We Keep Returning to The Matrix

How a geek power fantasy about distinguishing oneself in the digital age redpilled a generation.

The world was never the same after mankind fell down The Matrix's rabbit hole in 1999. The film portrayed a squad of hackers as they battled a sentient artificial intelligence (A.I.) that had enslaved the unwitting human race inside a simulation—the titular matrix, a digital version of Descartes' devil. There was a buffet of '90s cinematic references, blending Hong Kong–style martial arts action with Hackers–style geek chic and Terminator 2–style murderbot apocalypticism. Despite the ingredients' familiarity, it became a cultural event with exceptional impact, enduring and ubiquitous.

The film's fandom at the time was made up of a motley crew of radically divergent groups, each deriving a somewhat different meaning from its message. The idea of a revolution waged in virtual reality, where their type might live like kings, enthralled the world's geeks. The Matrix attracted evangelical Christians, who recognized God in the finest modern-day Jesus story since Narnia.

Misfits and punks swooned over the goth-industrial look, then scowled at the latecomers flocking to Hot Topic in its aftermath. Disillusioned cynics, from men's rights activists to Donald Trump supporters, have adopted the film's catchall metaphor for self-chosen enlightenment—the choice between taking a blue pill and continuing to live in ignorance as a slave, or taking a red pill and becoming awakened to the deep truth of the world around you—only to be hip checked by progressive activists pointing to the gender transitions of the film's director-siblings, Lana.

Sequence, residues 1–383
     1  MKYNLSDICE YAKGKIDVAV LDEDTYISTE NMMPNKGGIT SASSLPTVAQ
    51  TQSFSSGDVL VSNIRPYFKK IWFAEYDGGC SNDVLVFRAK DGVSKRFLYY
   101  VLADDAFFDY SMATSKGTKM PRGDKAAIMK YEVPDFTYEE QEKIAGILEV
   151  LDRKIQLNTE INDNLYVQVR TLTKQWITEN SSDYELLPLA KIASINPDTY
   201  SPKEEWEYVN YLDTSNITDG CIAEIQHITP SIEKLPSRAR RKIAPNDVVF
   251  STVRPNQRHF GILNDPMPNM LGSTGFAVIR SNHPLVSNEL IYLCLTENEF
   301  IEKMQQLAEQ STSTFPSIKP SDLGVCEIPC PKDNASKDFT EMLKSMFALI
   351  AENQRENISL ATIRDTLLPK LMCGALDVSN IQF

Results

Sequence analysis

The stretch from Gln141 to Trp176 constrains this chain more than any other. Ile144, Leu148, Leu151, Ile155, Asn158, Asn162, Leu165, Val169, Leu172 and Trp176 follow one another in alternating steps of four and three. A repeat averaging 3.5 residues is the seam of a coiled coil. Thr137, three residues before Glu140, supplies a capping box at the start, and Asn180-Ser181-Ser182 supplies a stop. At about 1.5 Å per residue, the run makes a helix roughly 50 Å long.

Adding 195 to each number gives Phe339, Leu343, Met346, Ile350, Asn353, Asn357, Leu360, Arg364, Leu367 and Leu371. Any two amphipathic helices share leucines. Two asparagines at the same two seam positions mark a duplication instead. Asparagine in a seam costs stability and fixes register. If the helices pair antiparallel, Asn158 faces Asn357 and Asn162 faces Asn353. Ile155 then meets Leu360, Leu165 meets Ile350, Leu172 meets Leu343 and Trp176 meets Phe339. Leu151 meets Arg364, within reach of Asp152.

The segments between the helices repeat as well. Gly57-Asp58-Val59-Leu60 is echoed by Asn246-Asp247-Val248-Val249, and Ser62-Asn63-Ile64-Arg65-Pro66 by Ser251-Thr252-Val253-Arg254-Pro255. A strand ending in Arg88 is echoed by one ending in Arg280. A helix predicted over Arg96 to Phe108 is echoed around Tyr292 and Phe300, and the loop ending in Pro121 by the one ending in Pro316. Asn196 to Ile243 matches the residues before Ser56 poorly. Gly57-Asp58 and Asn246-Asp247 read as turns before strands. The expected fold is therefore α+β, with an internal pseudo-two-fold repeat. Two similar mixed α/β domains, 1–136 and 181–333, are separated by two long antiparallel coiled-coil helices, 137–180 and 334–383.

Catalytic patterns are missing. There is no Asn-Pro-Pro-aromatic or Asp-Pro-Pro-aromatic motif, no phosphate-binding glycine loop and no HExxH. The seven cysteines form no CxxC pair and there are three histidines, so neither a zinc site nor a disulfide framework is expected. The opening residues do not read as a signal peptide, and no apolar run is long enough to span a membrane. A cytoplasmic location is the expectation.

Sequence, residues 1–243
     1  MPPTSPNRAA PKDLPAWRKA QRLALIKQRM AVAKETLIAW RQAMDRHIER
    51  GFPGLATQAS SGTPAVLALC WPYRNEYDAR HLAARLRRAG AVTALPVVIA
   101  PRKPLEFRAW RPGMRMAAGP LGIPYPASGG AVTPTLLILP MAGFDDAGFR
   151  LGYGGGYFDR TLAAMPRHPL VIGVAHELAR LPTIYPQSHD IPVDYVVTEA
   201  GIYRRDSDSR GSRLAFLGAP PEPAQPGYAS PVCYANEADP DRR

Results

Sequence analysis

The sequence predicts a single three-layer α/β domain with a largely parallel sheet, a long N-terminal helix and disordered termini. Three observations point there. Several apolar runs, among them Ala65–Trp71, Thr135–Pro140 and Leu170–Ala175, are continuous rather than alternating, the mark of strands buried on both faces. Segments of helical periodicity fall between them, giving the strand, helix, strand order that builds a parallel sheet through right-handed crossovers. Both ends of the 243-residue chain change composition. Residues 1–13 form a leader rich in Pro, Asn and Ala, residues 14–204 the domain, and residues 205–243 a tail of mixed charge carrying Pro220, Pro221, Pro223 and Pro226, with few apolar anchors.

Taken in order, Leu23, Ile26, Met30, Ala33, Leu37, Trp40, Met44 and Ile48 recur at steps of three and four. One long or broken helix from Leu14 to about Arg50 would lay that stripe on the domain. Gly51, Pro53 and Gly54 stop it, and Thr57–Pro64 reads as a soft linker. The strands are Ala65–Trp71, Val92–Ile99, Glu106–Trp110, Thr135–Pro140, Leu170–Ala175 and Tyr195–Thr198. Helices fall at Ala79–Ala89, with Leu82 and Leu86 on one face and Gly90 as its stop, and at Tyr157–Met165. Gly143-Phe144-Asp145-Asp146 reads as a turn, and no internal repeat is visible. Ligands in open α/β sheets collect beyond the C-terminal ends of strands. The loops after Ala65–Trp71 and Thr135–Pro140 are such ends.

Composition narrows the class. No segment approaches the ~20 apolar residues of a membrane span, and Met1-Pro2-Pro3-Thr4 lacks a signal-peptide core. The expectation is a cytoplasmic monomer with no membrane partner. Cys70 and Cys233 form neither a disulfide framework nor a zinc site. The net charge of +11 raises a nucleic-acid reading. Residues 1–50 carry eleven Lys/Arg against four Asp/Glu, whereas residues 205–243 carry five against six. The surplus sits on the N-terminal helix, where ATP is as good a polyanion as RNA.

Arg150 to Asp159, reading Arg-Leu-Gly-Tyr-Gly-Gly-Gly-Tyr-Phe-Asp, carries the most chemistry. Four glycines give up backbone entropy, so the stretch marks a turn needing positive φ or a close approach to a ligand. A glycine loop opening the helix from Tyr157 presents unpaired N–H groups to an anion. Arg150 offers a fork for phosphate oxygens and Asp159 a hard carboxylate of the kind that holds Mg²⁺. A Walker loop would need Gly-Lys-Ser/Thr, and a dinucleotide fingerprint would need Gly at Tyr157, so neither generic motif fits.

They're all right—and they're all wrong. That's the thing about The Matrix, which, just like its titular simulation, doesn't care much about the hearts or minds of the people who are plugged into it. Inside the matrix, you exist as a projection of whoever you believe yourself to be; watching it from the outside, you can project onto it to your heart's content.